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Study Description

Multiple GWA studies of prostate cancer conducted in European White populations are ongoing. These studies will continue to have a dramatic impact on our understanding of the contribution of common genetic variation on inter-individual susceptibility to this common cancer. Important questions that will remain unanswered, however, are whether all common risk alleles for prostate cancer will be revealed in studies limited to populations of European ancestry. A comprehensive examination of common genetic variation in men of Japanese, Latino, and African ancestry will be required to understand population differences in disease risk and to reveal the full spectrum of causal alleles that exist in these populations. Further, genetic and environmental diversity is likely to contribute to ethnic heterogeneity of genetic effects. Elucidating gene x gene and gene x environment interactions is also likely to provide knowledge that may be critical for understanding the contribution of genetic susceptibility to racial/ethnic disparities in prostate cancer incidence and for translating the findings from GWA studies into interventions.

In this study we plan to undertake a genome-wide association study (GWAS) of prostate cancer in the Multiethnic Cohort (MEC) Study. We propose the following hypotheses: (a) that inherited DNA variation influences risk of prostate cancer; (b) that many of the causal alleles will be outside known "candidate genes" requiring an agnostic, comprehensive search; and (c) that performing this search in a multi-ethnic cohort is more powerful than a study limited to a single population to reveal the full range of causal alleles relevant to the U.S. population.

The version 1 release of this dataset will include genotype data for the Japanese and Latino populations in the study. The version 2 release will include data for the African ancestry population along with the Japanese and Latino subjects.

This study is part of the Gene Environment Association Studies initiative (GENEVA, funded by the trans-NIH Genes, Environment, and Health Initiative (GEI). The overarching goal is to identify novel genetic factors that contribute to prostate cancer through large-scale genome-wide association studies of a well-characterized multi-ethnic cohort. Genotyping was performed at the Broad Institute of MIT and Harvard, a GENEVA genotyping center and at the University of Southern California. Data cleaning and harmonization were performed at the GEI-funded GENEVA Coordinating Center at the University of Washington.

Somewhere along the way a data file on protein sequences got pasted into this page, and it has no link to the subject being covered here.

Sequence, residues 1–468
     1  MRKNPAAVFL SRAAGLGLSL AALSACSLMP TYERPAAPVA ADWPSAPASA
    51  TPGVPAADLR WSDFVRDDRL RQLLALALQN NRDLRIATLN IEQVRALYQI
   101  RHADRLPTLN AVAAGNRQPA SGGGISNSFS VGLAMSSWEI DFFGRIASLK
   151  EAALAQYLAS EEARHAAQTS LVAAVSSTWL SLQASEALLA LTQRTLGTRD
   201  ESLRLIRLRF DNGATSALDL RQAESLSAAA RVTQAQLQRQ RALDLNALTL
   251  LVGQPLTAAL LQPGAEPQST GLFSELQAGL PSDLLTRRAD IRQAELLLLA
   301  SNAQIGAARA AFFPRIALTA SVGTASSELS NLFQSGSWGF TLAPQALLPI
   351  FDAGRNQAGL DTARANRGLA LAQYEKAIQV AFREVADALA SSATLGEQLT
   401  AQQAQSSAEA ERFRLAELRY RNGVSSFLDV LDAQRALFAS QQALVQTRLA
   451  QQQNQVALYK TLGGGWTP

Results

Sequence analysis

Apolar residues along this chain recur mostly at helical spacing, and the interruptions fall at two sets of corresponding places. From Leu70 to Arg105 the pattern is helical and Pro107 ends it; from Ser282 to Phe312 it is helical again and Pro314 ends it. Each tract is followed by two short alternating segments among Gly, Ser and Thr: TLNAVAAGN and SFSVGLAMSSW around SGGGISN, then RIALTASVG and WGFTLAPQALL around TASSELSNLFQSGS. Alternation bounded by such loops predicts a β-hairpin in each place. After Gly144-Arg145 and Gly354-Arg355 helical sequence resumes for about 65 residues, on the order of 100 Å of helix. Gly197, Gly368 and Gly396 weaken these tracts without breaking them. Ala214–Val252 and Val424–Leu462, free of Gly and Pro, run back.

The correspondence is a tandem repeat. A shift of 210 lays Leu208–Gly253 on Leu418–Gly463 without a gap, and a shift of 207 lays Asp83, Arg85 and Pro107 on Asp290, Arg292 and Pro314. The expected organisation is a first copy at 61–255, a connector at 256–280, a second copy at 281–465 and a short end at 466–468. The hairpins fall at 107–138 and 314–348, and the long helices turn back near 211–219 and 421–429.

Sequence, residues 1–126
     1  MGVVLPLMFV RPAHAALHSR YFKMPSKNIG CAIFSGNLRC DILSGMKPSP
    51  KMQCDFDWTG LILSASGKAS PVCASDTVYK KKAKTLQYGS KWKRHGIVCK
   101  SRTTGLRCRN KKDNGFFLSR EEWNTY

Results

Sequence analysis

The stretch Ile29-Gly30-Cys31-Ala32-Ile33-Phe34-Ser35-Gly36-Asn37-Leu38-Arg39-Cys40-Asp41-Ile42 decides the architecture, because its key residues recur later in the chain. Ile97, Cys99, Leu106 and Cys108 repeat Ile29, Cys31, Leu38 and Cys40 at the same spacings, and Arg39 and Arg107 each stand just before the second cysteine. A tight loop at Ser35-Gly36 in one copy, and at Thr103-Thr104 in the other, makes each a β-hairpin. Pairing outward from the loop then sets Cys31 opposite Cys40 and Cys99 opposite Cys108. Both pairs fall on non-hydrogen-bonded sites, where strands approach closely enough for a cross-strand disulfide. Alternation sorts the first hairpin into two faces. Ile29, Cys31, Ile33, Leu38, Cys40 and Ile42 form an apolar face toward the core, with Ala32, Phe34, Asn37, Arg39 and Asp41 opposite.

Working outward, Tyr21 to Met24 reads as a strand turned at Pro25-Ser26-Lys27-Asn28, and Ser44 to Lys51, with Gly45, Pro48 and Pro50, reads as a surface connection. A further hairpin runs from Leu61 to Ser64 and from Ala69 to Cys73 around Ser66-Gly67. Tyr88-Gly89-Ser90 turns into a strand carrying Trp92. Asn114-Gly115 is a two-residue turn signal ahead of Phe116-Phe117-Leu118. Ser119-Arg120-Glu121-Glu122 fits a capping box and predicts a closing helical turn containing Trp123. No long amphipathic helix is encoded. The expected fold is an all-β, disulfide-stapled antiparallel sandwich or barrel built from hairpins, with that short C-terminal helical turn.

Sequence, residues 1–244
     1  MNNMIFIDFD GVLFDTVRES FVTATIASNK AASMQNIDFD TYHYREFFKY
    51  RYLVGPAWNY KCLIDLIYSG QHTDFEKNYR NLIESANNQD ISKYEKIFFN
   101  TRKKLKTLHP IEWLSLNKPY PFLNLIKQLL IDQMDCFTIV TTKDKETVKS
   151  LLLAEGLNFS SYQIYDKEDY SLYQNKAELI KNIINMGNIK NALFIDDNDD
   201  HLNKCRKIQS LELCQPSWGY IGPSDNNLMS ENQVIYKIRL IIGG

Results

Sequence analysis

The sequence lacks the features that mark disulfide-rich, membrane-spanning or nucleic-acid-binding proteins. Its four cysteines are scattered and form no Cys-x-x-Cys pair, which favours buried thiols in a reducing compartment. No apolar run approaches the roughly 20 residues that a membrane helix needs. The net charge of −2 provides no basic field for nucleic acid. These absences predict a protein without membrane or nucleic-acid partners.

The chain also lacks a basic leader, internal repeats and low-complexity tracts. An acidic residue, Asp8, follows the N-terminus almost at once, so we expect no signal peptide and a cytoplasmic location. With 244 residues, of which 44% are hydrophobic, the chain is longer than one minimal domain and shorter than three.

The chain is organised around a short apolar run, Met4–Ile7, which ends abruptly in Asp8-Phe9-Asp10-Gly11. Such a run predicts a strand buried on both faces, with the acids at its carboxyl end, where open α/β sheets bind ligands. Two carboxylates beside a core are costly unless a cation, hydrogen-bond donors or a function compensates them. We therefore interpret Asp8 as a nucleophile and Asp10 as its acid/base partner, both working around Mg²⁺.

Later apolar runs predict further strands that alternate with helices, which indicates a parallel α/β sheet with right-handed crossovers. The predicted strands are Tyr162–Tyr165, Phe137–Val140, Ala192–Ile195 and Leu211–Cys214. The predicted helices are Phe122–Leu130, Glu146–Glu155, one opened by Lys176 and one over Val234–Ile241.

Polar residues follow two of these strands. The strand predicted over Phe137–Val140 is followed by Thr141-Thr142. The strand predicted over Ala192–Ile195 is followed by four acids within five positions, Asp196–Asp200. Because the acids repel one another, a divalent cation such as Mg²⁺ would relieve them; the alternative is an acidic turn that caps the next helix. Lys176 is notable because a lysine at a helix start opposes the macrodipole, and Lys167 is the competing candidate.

• Study Types: Nested Case-Control, Cohort
  • Number of study subjects that have individual level data available through Authorized Access: 9457

Authorized Access
Publicly Available Data (Public ftp)

Connect to the public download site. The site contains release notes and manifests. If available, the site also contains data dictionaries, variable summaries, documents, and truncated analyses.

Study Inclusion/Exclusion Criteria

  • Prostate cancer cases have an invasive prostate cancer diagnosis after (incident) entry into cohort
  • Controls were matched to cases on race/ethnicity, area of residence (California or Hawaii) and age at entry into cohort. Subjects were excluded from control selection if a prevalent (before entry to cohort) diagnosis of prostate cancer was reported on the baseline questionnaire or from the tumor registry.

Molecular Data
TypeSourcePlatformNumber of Oligos/SNPsSNP Batch IdComment
Whole Genome Genotyping Illumina Human660W-Quad_v1_A 592839 1048965
Whole Genome Genotyping Illumina Human1M-Duov3_B 1185051 1049348
Study History

The Multiethnic Cohort (MEC) is a prospective study designed to investigate the association of diet, lifestyle, and genetic factors with the incidence of cancer and other chronic diseases. In 1993-1996, more than 215,000 men and women (aged 45 to 75 years at recruitment) entered the cohort by completing a 26-page mailed questionnaire that contained a quantitative food frequency questionnaire (FFQ) and information on demographic factors, personal behaviors, prior medical conditions, use of medications, family history of common cancers, and for women, reproductive history and use of hormone therapy. Participants are mainly from five self-reported racial/ethnic populations living in Hawaii and California: African Americans, Native Hawaiians, Japanese Americans, Latinos, and Whites. Incident cases of cancer are identified by annual linkage to the SEER cancer registries in California and Hawaii.

Selected publications
Diseases/Traits Related to Study (MESH terms)
Authorized Data Access Requests
Study Attribution